On behalf of Ahmad Tayseer Sulaiman
Bankruptcy can be an indirect solution to student loan debt.
One of the financial problems faced by young people today is student loan debt. Many find that this is unavoidable, as a person often needs to go to college to get a higher paying job in today's world. However, upon graduation, there are no jobs available, due to the slowly recovering economy.
Recently, the student loan debt crisis has been a recurring topic in the media, for good reason. Outstanding student loans in the United States have increased to over $1 trillion-more than what Americans owe on their credit cards and car loans combined. In Illinois, the problem has gotten so bad that the legislature recently passed House Resolution 620. Under this resolution, the legislature formally asked Congress to amend the bankruptcy rules to make it easier to forgive student loans in bankruptcy.
Bankruptcy and student loan debt
Currently, student loan debt cannot be discharged in bankruptcy in most cases. However, contrary to popular belief, this was not always the case. Student loans were completely dischargeable in bankruptcy, until the mid-1970s. Since that time, Congress has periodically enacted legislation that has restricted the discharge of student loans. Eventually, in 1998, Congress made federal student loans nondischargeable.
Under the law as it currently stands, private student loans remain dischargeable, but only in very exceptional cases. The law requires those seeking a discharge to prove that repaying the loans would constitute an undue hardship.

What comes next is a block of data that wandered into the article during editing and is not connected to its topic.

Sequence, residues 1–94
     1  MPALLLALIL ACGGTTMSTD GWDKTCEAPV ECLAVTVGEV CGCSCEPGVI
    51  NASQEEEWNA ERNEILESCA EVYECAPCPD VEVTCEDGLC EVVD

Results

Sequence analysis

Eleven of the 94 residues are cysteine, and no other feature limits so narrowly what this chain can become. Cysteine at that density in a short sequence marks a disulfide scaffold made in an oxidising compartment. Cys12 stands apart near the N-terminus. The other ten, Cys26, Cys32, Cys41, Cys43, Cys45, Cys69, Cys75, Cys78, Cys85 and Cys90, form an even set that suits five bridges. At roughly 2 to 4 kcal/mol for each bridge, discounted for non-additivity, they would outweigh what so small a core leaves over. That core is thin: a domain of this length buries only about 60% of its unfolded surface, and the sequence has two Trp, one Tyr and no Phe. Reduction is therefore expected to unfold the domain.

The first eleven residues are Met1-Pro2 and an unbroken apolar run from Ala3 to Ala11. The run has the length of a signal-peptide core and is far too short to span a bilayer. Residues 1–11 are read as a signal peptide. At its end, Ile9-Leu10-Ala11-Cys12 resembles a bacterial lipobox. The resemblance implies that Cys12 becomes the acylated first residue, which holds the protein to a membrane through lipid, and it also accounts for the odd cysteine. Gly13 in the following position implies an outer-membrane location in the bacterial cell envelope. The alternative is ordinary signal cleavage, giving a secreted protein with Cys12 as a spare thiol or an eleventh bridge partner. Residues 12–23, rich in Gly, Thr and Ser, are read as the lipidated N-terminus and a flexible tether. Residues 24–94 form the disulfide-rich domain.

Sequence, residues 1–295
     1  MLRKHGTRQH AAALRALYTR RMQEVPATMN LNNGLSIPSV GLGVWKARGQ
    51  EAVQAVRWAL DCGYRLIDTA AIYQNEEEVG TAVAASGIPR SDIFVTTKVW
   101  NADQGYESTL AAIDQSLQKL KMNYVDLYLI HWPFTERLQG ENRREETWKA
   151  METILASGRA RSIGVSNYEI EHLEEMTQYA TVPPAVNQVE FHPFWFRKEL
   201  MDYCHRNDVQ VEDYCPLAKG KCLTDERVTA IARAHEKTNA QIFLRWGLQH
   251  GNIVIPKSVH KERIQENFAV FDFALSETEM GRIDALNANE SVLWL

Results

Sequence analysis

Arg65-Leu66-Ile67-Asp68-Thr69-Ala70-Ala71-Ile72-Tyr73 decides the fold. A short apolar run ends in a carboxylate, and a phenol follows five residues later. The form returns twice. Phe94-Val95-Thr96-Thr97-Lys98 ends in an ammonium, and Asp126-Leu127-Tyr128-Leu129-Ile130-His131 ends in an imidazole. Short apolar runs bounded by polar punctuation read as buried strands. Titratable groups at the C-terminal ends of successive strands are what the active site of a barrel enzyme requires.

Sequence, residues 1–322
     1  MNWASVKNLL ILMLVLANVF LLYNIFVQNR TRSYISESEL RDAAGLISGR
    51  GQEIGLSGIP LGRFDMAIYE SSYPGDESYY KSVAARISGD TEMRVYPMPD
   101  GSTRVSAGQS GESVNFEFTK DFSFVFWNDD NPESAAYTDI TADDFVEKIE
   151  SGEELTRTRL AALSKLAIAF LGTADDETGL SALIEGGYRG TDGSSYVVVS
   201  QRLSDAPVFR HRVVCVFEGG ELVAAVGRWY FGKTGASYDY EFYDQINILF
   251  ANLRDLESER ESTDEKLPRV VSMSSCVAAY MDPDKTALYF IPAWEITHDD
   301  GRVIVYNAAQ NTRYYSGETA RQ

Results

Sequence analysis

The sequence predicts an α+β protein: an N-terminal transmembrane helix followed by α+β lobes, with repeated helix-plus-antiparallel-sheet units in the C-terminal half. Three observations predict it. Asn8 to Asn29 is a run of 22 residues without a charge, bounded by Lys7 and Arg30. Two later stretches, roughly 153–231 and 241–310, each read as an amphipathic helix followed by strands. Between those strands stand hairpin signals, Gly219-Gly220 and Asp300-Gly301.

- Although there are differences in interpretation of the law, most courts require borrowers to prove:
- That he or she has tried to repay the loan in good faith;
- That due to the outstanding debt, it would be impossible to maintain a minimum standard of living; and
- That this financial situation is likely to persist unabated for the loan's repayment period.
Although most borrowers can prove the first two elements, most fail at the last element, as it is difficult to prove that the borrower would likely never find a job or other source of income that would eventually allow the loan to be repaid. As a result, the discharge of private student loans is largely reserved for those with serious injuries that render them unable to work.
Consult an attorney
If you are struggling to pay your student loans, it may seem that bankruptcy would not be able to help, but this is generally not the case. Bankruptcy can help by relieving you of your obligation to pay many other types of debt such as credit cards or medical bills. Once relieved of your other debt, you can devote more of your resources to repaying your student loans.
In addition to bankruptcy, there are several other ways to manage student loans. An experienced bankruptcy attorney can inform you of your options and recommend one that would best address your unique situation.